What cyber threats do higher education institutions face?
Higher education institutions are prone to cyber attacks. Elements such as open networks, large volumes of data and freedom of public access expose them to a variety of cyber threats and risks — and there are plenty of examples that can help institutions anticipate and prevent breaches.
Recent research has identified that, every hour, one-third of universities in the UK alone are hit by a cyber attack. And cyber threats and risks are challenges that will only grow as cyberspace continues to evolve. In order to secure higher education institutions, it is important for their decision-makers to understand the potential threats. Here are just a few examples:
Pennsylvania State University, US, May 2015
- The College of Engineering was targeted by two sophisticated cyber attacks that compromised servers containing records relating to 18,000 people. The attacks had been undetected on the college’s network for some time.
- At least one of the two attacks was carried out by threat actors in overseas territories.
- The attack resulted in the network being unavailable for three days.
University of Maryland, US, March 2014
- A cyber attack targeted the university’s network, compromising 287, 580 records of students, faculty, staff and affiliated personnel.
- The database breach affected everyone who had been issued a university ID between 1998 and February 2014.
Multiple Japanese universities, July 2015
- The networks of six Japanese universities came under simultaneous cyber attacks.
- On the same day, one of Japan’s banks was also hit by DDoS attacks.
- One university said 360 email addresses may have leaked, while another may have lost ID numbers relating to its website admin.
University of Delaware, US, July 2013
- A cyber attack on a computer system exposed the identities of more than 72,000 people.
- Hackers exploited a vulnerability in web-based software used by the university and stole names, addresses, social security numbers and university IDs of current and past employees.
King Saud University, Saudi Arabia, January 2012
- The official website of King Saud University (KSU) was hacked by an unknown hacker.
- A database of 812 users was hacked, and the contents were dumped on a file-sharing site.
- The data included mail addresses, mobile phone numbers and passwords.
Concordia University, Canada, March 2016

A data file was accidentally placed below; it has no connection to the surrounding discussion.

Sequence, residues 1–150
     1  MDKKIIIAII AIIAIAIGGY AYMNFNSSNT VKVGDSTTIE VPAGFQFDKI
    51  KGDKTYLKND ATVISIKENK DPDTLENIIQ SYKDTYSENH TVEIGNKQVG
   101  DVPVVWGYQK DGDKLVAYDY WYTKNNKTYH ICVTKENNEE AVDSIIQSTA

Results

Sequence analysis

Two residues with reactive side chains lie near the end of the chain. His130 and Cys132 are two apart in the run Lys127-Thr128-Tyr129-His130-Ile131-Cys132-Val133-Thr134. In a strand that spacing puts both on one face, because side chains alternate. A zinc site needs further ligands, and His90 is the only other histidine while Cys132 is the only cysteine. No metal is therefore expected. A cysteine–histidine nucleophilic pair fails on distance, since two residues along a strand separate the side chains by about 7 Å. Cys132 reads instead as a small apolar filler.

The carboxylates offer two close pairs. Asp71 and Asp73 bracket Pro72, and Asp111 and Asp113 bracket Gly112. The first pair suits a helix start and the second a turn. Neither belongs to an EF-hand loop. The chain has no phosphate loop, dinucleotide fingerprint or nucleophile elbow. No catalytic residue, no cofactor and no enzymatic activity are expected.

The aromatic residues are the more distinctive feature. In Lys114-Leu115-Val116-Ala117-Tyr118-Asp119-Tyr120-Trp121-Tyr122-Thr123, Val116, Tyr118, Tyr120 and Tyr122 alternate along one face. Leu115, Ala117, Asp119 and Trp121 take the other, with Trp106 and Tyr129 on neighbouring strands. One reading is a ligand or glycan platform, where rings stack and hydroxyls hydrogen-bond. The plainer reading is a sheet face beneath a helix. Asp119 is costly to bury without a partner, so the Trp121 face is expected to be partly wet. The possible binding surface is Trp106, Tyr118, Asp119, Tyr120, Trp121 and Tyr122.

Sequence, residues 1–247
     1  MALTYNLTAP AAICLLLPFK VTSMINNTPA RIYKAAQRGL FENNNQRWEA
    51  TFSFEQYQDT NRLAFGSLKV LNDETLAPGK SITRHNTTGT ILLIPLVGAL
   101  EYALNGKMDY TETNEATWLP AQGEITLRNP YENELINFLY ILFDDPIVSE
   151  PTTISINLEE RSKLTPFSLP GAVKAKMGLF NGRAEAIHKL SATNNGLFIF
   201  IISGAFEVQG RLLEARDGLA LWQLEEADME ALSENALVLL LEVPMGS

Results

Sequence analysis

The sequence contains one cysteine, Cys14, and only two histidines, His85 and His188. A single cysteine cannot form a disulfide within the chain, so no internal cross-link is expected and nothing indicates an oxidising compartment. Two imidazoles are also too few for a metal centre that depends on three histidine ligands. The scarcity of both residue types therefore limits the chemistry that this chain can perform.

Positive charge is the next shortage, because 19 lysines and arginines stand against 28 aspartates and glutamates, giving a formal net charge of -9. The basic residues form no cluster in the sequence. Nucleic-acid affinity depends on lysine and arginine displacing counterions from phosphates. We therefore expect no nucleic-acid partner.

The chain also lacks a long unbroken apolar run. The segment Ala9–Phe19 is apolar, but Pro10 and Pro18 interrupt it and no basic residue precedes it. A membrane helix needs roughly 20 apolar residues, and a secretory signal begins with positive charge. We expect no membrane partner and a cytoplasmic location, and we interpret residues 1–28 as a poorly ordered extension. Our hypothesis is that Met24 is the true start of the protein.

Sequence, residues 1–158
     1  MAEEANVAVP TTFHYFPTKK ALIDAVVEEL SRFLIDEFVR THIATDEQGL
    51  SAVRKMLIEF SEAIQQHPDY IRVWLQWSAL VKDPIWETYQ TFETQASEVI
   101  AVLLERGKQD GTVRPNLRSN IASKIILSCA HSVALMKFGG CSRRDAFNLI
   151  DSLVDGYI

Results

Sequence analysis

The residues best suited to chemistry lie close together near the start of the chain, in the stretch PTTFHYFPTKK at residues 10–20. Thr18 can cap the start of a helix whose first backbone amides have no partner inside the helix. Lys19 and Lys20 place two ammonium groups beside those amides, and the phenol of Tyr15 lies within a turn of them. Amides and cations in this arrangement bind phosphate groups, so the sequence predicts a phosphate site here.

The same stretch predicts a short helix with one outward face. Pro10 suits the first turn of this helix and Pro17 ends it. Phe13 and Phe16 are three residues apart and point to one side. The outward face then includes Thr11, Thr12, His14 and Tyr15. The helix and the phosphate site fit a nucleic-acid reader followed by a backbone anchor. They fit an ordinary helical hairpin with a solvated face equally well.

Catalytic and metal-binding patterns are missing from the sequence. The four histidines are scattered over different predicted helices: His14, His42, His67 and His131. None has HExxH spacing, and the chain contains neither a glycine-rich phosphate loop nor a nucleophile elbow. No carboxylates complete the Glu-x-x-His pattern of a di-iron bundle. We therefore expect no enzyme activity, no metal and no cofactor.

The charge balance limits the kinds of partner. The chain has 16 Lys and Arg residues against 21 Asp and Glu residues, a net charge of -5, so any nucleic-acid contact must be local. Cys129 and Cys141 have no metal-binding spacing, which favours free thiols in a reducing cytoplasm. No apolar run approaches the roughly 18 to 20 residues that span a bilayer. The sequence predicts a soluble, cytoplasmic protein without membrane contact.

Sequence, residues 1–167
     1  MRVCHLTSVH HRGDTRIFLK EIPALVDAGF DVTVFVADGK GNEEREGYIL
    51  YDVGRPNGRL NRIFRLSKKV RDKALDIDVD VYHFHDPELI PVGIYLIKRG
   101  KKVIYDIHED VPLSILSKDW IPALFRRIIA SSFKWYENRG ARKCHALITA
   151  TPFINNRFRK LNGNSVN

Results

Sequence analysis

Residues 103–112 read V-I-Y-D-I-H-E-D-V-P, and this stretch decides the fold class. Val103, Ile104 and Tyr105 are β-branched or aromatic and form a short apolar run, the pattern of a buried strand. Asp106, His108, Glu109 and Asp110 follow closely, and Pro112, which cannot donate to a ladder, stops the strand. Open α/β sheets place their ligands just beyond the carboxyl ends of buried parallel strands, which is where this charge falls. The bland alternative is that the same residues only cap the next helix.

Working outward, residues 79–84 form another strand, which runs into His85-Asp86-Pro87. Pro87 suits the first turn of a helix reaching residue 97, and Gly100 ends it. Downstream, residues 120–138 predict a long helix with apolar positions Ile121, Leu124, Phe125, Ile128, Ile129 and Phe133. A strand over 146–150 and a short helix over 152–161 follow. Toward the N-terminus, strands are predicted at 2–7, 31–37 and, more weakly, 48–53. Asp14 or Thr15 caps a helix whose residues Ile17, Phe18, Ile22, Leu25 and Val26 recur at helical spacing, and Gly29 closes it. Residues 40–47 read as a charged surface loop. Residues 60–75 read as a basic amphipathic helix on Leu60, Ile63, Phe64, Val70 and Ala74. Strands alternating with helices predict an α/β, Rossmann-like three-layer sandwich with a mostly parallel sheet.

- Keyloggers, hardware devices that can capture personal data by tracking keystrokes, was found on some workstations in two of the university’s libraries.
- The breach potentially impacted anyone who had used the affected computers in the past year
Challenges to protection
Protecting the security of information and IT assets has always been challenging, mainly due to the unique environment and industry in which these organizations operate. Detailed here are some of the challenges that affect the ability of higher education institutions to plan and defend against cyber attacks:
- Decentralized IT and information security practices, which are the result of various faculties running their own IT and security departments, cause the enforcement of streamlined security practices to become very difficult.
- Freedom of information is woven into both the higher education sector and academic culture. One of the consequences of this is the prevalence of open networks, which may not be properly monitored for unauthorized access, unsafe internet surfing habits and malware infections.
- Insufficient resources, specifically information security funding challenges, are typical in many higher education organizations and prevent them from implementing the necessary controls to battle rising cyber risks.
- Campuses are the ultimate “bring-yourown-device” (BYOD) environments, and there is a plethora of unrestrained devices. This results in the campus IT staff having limited ability to control what machines are connected to the campus network and manage their security controls. The effect is a dramatic increase in the attack surface for the entire institution.
- Various faculties usually have computing devices used for projects or to store scientific data. In many cases, these devices may be procured by each faculty independently without following formal security architecture guidelines. Unstructured data, generated and processed by these computing machines, is very hard to locate, classify and safeguard.
- Insufficient physical security results in institutions being unable to determine the original attack vector for security incidents that have a physical element.
- The lack of threat intelligence collection and sharing between universities and colleges means that these institutions remain unaware of the emerging threats.
The offline legacy of cyber attacks
Cyber attacks against higher education institutions can have an operational, reputational or financial impact, depending on the nature of the attack.
Identity theft can result in reputational damage, and could subject the institution to regulatory fines and attention, while reputational attacks themselves can have a significant negative impact on competitive advantage.
It goes without saying that financially motivated attacks, such as ransomware, can have a significant financial and operational impact on the higher education institution. But cyber attacks of any kind can also result in a loss of confidence in the institution among current staff, faculty, students and prospective students.
For these reasons, higher education institutions should implement proper controls that safeguard the institution’s most valuable information — as well as its reputation